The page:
"Why after several decades of 0% rates has the Japanese economy failed to respond? Why has the U.S. only averaged 2% real growth since the end of the Great Recession? “How’s it workin’ for ya?” – would be a curt, logical summary of the impotency of low interest rates to generate acceptable economic growth worldwide. "
While the biggest news of the night had nothing to do with either oil or China, all that mattered to US equity futures trading also was oil and China, and since WTI managed to rebound modestly from their biggest 2-day drop in years, rising back over $30, and with China falling only 0.4% overnight after the National Team made a rare, for 2016, appearance and pushed stocks to close at the day's high, US E-minis were able to rebound from overnight lows in the mid-1880s, and levitate above 1900. Whether they sustain this level remains to be seen.
When asked that question last year at the New Orleans Investment Conference Greenspan had two words for the interviewer.
Yield “fatigue” may be overtaking yield “euphoria”. The further central banks go down the rabbit hole of unique monetary policy, the greater the fear factor of how normality will eventually be restored. And asBofAML's Michael Hartnett highlights, the risk of “quantitative failure” in markets grows.
To an economist, the economy can bear no recession. In times of heavy central bank activity, an economy can never be in recession. Those appear to be the only dynamic factors that drive economic interpretation in the mainstream. And they become circular in the trap of just these kinds of circumstances – the economy looks like it might fall into recession, therefore a central bank acts, meaning the economy will avoid recession; thus there will never be recession. The risks are all still there, and economists are still determined to downplay if not miss them entirely.
It certainly does feel like groundhog day today because while last week's near record oil surge is long forgotten, and one can debate the impact the result of last night's Iowa primary which saw Trump disappoint to an ascendant Ted Cruz while Hillary and Bernie were practically tied, one thing is certain: today's continued decline in crude, which has seen Brent and WTI both tumble by over 3% has once again pushed global stocks and US equity futures lower, offsetting the euphoria from last night's earnings beat by Google which made Alphabet the largest company in the world by market cap.
Ten years ago this week, Alan Greenspan left his post as head of the US Federal Reserve, facing disgrace among hard money advocates, which largely persists to this day. However gold investors can learn an important lesson from how little influence Greenspan, one of the gold standard’s most eloquent backers, had during his 18-year tenure.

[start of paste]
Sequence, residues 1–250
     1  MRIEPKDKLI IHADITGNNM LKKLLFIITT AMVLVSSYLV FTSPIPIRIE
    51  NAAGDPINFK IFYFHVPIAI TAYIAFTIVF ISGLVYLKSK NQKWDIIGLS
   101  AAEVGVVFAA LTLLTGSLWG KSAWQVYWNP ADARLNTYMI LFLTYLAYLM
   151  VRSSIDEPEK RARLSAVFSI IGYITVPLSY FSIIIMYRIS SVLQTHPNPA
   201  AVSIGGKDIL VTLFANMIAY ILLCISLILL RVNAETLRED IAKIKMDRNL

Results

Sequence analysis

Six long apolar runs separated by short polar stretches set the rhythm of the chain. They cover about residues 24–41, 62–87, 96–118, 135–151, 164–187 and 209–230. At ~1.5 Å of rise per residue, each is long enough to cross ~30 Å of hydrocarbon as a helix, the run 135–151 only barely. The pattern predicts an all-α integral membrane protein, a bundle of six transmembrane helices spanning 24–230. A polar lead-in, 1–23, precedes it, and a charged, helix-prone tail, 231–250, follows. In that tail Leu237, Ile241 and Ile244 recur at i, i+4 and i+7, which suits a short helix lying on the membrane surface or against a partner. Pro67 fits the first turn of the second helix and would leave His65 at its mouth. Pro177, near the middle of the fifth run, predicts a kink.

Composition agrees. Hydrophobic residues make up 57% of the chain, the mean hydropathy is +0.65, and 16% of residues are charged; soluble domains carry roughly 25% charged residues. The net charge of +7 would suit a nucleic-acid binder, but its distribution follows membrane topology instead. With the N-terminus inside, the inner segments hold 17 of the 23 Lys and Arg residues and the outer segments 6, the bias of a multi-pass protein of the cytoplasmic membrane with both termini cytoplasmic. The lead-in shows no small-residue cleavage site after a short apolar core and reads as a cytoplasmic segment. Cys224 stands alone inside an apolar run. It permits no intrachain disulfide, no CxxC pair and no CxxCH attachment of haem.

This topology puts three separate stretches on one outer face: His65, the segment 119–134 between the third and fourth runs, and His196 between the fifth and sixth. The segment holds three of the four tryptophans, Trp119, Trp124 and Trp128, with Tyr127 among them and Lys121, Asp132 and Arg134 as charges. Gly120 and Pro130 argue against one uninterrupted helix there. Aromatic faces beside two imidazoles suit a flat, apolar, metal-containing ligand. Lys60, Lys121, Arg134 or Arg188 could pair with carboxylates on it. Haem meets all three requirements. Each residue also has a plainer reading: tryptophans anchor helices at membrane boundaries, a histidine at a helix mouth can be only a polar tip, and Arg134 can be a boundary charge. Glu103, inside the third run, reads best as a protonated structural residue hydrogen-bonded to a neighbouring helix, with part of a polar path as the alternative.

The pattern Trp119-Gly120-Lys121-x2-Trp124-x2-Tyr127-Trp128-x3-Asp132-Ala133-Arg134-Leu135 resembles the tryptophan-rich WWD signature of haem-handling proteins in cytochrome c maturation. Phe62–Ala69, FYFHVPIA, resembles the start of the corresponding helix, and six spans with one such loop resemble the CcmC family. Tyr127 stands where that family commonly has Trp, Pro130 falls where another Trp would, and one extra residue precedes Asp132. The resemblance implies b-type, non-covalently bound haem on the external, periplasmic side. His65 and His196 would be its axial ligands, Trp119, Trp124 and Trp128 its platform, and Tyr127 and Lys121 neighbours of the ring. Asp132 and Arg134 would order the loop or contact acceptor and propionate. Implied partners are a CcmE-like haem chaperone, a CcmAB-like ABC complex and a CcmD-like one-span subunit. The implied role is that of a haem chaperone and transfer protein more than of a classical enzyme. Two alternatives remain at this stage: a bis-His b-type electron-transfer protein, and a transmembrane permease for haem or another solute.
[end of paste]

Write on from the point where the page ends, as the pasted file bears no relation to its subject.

There will be two key themes for investors seeking to shake off the abysmal "as goes January" blues: buybacks, which are set to return in February, and central banks, which are poised to do absolutely nothing to calm investor nerves in the next 4 weeks.
When Draghi speaks (or releases his statement), the algos obey.. and sell EURUSD. No new news at all - just a repeat of the same statements that "QE is deemed effective' (by whom we ask), and a recalibration is in order (as the situation has changed since December). His biggest problem from what we can tell is the fact that the banking industry's collapse augurs very badly for industrial production and an economic recession across Europe.
Haruhiko Kuroda admitted QE cannot generate GDP growth. Even more astounding, his actions are supporting his words.
After last week's relatively quiet, on macro data if not central bank news, week the newsflow picks up with the usual global PMI survey to start, and end the week with the US January payrolls report.
- Stocks cautious after rocky China data, bonds fly high (Reuters)
- Oil falls on China data, fading prospect of OPEC action (Reuters)
- Republican Vote in Iowa Caucus Hinges on Newcomer Turnout (WSJ)
- When Trump tells supporters not to donate, they mostly listen (Reuters)
- Goldman Sachs Employees Shift to Rubio as Bush Support Fades (BBG)
- Four Theories on How Oil Has Hypnotized the Global Stock Market (BBG)
It didn't take much to fizzle Friday's Japan NIRP-driven euphoria, when first ugly Chinese manufacturing (and service) PMI data reminded the world just what the bull in the China shop is leading to a 1.8% Shanghai drop on the first day of February. Then it was about oil once more when Goldman itself said not to expect any crude production cuts in the near future. Finally throw in some very cautious words by the sellside what Japan's act of NIRP desperation means, and it becomes clear why stocks on both sides of the pond are down, why crude is not far behind, and why gold continues to rise.
"Cash had a pretty good run for 4,000 years or so. These days, though, notes and coins increasingly seem declasse: They're dirty and dangerous, unwieldy and expensive, antiquated and so very analog.... Much depends on the details, of course. But this is a welcome trend. In theory, digital legal tender could combine the inventiveness of private virtual currencies with the stability of a government mint."
Ten years ago, all this would have been written off as the stuff of an insane mind or conspiracist. Now, it is just normal and economists would have you think it the only option. At what point do we accede back to logic and rational thought?